"My God, My God, Why Have You Forsaken Me?"
|by||Kyle Butt, M.Div.|
Imagine trying to live in a world where every person decided for himself or herself how long an inch should be. One person’s inch might be as long as a pencil, while another’s might be as short as a penny. Further imagine trying to buy lumber or carpet, or trying to calculate any kind of geometry. In truth, trying to measure things without a standard is impossible.
The same is true of religion and spiritual matters. If everyone made his or her own “measurements” about what is right and wrong, then mass confusion would rule the day—which is exactly why God gave us the Bible. It is the standard by which all of our actions are to be measured. Because the Bible claims to be the only true standard, most people insist upon evidence proving that it is from God. If a person has an open Bible and an honest heart, such evidence is available.
BACK TO THE FUTURE
“MY GOD, MY GOD, WHY HAVE YOU FORSAKEN ME?”
As Jesus was nearing His death, He cried out, “Eloi, Eloi, lama sabachthani?,” which being translated means “My God, My God, why have You forsaken me?” (Mark 15:34). Many of those around Jesus did not understand what He had said. But any Jew familiar with the Old Testament should have immediately recognized Jesus’ lament as a direct quote from the first line of Psalm 22. King David wrote that psalm about 1,000 years before the death of Jesus. Yet verses 16 through 18 describe in minute detail what was happening at the crucifixion: “They pierced My hands and My feet; I can count all My bones. They look and stare at Me. They divide My garments among them, and for My clothing they cast lots.”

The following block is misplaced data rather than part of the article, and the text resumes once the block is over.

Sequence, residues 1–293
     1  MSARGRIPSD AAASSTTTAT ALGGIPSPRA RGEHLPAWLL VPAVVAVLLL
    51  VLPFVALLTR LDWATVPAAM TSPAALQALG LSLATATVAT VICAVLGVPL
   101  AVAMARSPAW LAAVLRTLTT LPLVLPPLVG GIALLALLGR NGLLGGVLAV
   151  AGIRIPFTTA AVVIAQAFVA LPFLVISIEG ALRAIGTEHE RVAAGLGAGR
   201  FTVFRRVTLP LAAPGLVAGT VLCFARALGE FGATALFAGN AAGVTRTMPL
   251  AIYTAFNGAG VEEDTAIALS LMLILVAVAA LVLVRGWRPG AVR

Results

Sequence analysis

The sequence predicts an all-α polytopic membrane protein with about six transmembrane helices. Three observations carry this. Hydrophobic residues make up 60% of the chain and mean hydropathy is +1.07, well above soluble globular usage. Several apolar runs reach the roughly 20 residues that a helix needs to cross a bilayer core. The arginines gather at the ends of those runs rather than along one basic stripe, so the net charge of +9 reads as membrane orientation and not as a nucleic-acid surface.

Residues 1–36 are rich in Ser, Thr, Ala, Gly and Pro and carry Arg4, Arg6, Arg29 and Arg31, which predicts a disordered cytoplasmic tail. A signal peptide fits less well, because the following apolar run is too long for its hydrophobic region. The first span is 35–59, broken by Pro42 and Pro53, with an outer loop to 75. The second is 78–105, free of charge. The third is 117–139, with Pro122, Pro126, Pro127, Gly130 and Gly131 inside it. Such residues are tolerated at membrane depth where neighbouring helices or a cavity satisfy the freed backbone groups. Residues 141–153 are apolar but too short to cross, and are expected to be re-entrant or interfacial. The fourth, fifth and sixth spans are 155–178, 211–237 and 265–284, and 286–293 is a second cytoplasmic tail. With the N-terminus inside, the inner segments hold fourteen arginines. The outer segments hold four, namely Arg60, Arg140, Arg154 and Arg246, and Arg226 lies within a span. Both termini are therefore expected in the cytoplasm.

Could you imagine having the twenty-second Psalm in your hand (or mind), and watching the soldiers at Jesus’ feet actually casting lots for His clothing (Matthew 27:35)—exactly as the psalmist predicted? With one of Christ’s last breaths on the cross, He tried to get people to understand that He was the Messiah.
As we today look back upon the situation—almost 2000 years after the fact—we see that Jesus proved the Bible had accurately foretold the future, thereby verifying its inspiration. As Isaiah said: “Declare unto us what shall happen: declare ye the former things, what they are, that we may consider them, and know the latter end of them; or show us things to come” (41:22). The very thing the pagans could not do (41:22-24), God’s Word could (see Isaiah 42:8-9).